During the holidays, The Samaritan Inn “goes all out” for their residents. Mr. Crocker states that during a resident’s time at the inn, the inn is considered their home, not just a temporary shelter, so staff and volunteers work together to make the holidays as special as possible for them, especially the children under their roof. On Thanksgiving Day, residents are treated to a feast: turkey, dressing and all the details of a traditional Thanksgiving meal. The come-and-go meal is served to residents by volunteers from the community. 

Two such volunteers, sisters Dr. Rhonda Lewis and Renae Johnson, shared their experiences serving at The Samaritan Inn during the holidays. Last year, Dr. Lewis, an English professor at Collin College, her sister, Ms. Johnson, of Jacksonville, Florida and about 30 of their extended family members chose to devote their Thanksgiving family reunion to giving back to others. In 2019, the family financially sponsored and served the Thanksgiving Day meal at The Samaritan Inn, an action they plan to repeat this year. When asked why they serve, Dr. Lewis states that their family thinks it’s important to give back to those less fortunate than themselves. She says that while their family members have secure jobs and financial independence, they recognize “we could all find ourselves in a season of need one day, reliant on good people within the community for help.”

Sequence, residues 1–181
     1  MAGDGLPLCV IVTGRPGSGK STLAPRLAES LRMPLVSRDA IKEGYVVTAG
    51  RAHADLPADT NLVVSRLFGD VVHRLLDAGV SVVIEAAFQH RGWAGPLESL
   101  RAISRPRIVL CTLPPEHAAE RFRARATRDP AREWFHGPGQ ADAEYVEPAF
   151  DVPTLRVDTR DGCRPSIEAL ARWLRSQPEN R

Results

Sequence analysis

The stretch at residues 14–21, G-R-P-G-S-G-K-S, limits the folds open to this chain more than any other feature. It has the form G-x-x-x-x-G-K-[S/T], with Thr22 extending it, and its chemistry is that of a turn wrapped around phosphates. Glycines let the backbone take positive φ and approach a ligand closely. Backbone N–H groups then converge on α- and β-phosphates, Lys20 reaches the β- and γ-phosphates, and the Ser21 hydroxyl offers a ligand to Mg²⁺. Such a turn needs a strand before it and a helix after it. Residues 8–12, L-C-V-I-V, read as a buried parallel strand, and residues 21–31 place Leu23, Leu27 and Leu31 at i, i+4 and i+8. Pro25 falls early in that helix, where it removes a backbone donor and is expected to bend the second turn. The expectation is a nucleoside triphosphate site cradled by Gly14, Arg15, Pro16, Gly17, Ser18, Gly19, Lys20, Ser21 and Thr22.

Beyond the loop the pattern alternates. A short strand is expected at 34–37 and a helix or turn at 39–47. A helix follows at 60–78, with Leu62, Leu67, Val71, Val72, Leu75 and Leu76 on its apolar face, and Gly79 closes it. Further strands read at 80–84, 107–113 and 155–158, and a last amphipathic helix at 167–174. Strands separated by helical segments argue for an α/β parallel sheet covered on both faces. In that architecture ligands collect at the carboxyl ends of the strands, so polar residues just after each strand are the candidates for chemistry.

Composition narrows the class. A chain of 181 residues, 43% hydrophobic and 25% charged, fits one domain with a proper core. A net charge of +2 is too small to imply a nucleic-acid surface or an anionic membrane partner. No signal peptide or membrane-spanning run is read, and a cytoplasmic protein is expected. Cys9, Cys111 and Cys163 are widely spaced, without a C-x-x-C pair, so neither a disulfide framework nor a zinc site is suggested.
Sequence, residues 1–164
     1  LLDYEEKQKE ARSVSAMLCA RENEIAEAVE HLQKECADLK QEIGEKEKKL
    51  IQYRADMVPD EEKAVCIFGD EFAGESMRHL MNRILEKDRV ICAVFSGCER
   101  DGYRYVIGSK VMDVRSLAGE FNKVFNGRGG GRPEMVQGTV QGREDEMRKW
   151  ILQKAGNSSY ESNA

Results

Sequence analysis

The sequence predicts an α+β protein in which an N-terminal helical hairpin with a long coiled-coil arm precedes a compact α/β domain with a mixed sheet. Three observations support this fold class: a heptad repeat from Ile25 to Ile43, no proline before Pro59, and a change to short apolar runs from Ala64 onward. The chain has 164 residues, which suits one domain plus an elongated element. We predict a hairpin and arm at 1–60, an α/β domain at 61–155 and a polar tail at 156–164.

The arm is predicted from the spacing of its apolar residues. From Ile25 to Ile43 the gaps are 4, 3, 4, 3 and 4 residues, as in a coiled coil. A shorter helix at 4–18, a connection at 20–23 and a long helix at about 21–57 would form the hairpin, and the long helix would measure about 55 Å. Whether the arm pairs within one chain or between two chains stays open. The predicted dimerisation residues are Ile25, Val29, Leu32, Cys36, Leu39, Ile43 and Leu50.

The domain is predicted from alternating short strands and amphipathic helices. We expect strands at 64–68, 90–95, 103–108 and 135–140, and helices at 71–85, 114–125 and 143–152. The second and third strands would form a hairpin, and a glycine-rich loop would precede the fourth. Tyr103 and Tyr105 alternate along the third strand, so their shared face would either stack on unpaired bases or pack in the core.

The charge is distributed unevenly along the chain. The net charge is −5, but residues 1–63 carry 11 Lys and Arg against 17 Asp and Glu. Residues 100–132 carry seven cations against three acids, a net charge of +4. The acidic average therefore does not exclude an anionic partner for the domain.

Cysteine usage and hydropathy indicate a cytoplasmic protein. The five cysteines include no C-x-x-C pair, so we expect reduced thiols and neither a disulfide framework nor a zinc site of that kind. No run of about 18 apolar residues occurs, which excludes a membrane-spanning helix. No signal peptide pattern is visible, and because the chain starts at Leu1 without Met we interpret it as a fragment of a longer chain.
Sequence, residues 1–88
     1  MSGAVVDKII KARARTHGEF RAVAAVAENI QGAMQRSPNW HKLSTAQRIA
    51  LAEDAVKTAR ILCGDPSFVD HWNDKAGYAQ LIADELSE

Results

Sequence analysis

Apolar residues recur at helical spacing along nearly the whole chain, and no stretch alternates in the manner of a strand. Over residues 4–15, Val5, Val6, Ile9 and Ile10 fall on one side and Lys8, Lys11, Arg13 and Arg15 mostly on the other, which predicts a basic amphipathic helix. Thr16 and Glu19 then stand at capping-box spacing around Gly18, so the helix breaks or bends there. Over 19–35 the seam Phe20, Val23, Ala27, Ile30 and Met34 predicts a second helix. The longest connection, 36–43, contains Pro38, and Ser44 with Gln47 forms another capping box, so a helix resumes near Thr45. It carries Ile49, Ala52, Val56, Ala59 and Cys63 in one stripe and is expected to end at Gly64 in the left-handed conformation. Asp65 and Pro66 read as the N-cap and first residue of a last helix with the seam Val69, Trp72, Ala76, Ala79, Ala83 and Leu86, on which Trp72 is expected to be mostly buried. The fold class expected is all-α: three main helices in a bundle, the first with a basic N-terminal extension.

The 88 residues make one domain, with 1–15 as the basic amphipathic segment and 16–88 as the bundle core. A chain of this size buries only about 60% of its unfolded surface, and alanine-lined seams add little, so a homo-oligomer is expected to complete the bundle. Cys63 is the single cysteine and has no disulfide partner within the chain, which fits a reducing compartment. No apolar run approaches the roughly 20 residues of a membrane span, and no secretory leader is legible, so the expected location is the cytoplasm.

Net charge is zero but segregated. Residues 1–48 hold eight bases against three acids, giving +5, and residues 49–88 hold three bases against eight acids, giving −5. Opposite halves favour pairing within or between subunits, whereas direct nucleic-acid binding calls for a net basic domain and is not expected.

The sisters and their extended family are also paving the way for future generations, stating that they think it is vital for the children in their family to learn the importance and value of giving back to those less fortunate; they do so by setting an example of selfless service through serving others at The Samaritan Inn on Thanksgiving Day and throughout the year. In fact, the family goes beyond meeting the physical needs of Samaritan Inn residents and relates to them emotionally and spiritually as well. The family loves to unite in singing gospel hymns as they serve and interact with residents, an act that CEO Mr. Crocker says creates infectious joy within the inn, lifting spirits and creating a true sense of community among residents, staff and volunteers. Both the family and the inn are looking forward to gathering for more Thanksgiving Day festivities this November.